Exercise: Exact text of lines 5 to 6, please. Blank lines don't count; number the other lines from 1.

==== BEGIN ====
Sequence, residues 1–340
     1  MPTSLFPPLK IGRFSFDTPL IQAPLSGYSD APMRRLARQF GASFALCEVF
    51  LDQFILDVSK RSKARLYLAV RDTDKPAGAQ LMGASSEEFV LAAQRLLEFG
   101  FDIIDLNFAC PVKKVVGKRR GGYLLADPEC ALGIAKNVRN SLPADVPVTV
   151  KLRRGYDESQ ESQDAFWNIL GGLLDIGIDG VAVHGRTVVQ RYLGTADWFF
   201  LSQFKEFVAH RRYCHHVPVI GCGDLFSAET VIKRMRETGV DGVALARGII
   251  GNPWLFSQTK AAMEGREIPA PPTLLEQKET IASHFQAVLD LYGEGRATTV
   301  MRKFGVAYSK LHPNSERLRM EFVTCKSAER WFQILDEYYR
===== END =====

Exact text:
   151  KLRRGYDESQ ESQDAFWNIL GGLLDIGIDG VAVHGRTVVQ RYLGTADWFF
   201  LSQFKEFVAH RRYCHHVPVI GCGDLFSAET VIKRMRETGV DGVALARGII